Under any rational common law as well as U.S. Code, the use of deadly is justified to prevent homicide, rape, sodomy, and burglary — in short against assault where the threat to life is imminent, violent coercion, and theft.

If we’re to make the moral claim that ‘abortion is murder’, the claim is only a valid moral claim if it is universally applied to all mankind. Thus: if abortion is murder, it is not murder to kill a man in order to prevent the man from committing murder.

The legitimate use of force is a hot topic in classrooms of every law school in the world, but this is a pretty uncontroversial moral, ethical, and legal claim. The largest debate surrounds the death penalty, but there’s a near consensus with the philosophical and legal communities that use of deadly force is justified as a last resort in the effort to apprehend a murderer to face a trial of some sort. When a suspect cannot be found, a case can be made for the suspect to be tried in absentia.

The pro-life movement has made their case defining Dr. Tiller as a “mass murderer”. This is a conclusion that is uncontroversial within the movement. In this assertion used to justify men in government uniforms to use force, the movement has conducted a de facto absentia trial against Dr. Tiller. These ‘absentia’ trials have been the justifications — consistent with the “abortion is murder” claim — for many uses of force against abortionists, their staffs, their clinics, and their patients.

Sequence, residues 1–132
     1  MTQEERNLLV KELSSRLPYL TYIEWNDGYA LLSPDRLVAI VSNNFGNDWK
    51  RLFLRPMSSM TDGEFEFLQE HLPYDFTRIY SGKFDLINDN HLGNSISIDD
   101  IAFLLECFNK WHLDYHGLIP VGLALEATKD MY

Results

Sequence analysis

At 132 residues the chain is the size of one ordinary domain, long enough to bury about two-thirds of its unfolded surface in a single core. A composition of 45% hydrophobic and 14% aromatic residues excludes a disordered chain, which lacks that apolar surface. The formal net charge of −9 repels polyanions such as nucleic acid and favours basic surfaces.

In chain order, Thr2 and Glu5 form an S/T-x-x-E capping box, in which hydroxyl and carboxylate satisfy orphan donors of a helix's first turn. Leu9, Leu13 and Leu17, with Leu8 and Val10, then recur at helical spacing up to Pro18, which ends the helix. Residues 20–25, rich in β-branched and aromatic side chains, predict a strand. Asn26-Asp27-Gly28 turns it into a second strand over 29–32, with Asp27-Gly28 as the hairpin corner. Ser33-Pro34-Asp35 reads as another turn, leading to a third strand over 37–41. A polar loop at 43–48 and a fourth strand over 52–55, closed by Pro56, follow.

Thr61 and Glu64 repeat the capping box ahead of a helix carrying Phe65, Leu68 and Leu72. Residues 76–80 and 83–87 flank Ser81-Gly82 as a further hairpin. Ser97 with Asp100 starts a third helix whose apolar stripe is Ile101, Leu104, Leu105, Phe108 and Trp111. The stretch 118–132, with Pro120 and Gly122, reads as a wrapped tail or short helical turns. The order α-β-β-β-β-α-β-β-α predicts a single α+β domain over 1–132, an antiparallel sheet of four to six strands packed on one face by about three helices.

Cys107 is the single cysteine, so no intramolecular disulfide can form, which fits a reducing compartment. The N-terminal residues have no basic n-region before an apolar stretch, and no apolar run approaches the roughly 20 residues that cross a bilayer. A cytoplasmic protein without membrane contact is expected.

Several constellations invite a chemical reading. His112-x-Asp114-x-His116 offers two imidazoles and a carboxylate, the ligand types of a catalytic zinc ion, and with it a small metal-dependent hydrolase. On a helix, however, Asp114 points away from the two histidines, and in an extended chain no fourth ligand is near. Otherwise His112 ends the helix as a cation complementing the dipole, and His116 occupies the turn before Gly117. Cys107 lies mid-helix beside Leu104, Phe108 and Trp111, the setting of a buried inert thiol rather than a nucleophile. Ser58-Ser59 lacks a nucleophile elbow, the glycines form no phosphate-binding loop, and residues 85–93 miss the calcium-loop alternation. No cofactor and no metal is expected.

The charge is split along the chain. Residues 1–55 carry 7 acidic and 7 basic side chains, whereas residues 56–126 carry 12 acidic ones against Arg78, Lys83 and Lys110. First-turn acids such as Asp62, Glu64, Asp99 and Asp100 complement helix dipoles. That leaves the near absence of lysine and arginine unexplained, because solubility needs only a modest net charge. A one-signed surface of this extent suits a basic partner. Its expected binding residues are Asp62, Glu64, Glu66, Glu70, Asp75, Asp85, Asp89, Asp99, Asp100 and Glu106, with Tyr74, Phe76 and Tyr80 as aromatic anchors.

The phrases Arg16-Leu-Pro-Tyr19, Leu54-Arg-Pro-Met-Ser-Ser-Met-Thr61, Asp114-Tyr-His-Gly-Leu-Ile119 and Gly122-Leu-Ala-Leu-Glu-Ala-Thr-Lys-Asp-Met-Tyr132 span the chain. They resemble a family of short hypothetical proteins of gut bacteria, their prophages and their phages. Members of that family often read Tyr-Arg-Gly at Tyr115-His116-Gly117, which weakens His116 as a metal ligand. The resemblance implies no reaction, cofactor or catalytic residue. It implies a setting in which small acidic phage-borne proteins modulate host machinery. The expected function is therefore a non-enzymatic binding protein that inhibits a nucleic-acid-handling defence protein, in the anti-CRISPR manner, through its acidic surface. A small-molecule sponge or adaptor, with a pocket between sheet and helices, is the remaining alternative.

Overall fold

This is why: Either late-term abortionists are “mass murderers” or the killing of Dr. Tiller is a murder — neither both (nor neither) statement can be Truth.


The ‘pro-life’ and ‘pro-choice’ movements lack moral legitimacy for many reasons, but the ‘pro-life’ movement (specifically) because of these two conflicting moral assertions. If the first moral claim, on which they base their movement, is a truism, the second is not.

When the ‘pro-life’ movement states that Dr. Tiller was a “mass murderer”, they a priori state his killing is just in order to prevent the doctor’s continuing aggression. This same a priori rationale defends the use of force employed by American revolutionaries against the British colonists, slave rebellion factions against the plantation possessors who enslaved them and the enforcers of the law which protected their aggressors, as well as the locked-up battered wife who shoots her husband to steal the keys and runaway with her children.